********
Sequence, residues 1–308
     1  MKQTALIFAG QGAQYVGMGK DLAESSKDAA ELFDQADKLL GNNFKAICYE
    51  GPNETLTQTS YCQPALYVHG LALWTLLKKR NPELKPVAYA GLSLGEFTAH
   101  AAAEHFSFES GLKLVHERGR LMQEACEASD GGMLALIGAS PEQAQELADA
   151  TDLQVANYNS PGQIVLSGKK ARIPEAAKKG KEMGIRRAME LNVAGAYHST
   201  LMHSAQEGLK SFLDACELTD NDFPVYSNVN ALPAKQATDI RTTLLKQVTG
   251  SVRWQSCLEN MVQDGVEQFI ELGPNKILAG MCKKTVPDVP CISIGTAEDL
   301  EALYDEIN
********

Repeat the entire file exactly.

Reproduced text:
Sequence, residues 1–308
     1  MKQTALIFAG QGAQYVGMGK DLAESSKDAA ELFDQADKLL GNNFKAICYE
    51  GPNETLTQTS YCQPALYVHG LALWTLLKKR NPELKPVAYA GLSLGEFTAH
   101  AAAEHFSFES GLKLVHERGR LMQEACEASD GGMLALIGAS PEQAQELADA
   151  TDLQVANYNS PGQIVLSGKK ARIPEAAKKG KEMGIRRAME LNVAGAYHST
   201  LMHSAQEGLK SFLDACELTD NDFPVYSNVN ALPAKQATDI RTTLLKQVTG
   251  SVRWQSCLEN MVQDGVEQFI ELGPNKILAG MCKKTVPDVP CISIGTAEDL
   301  EALYDEIN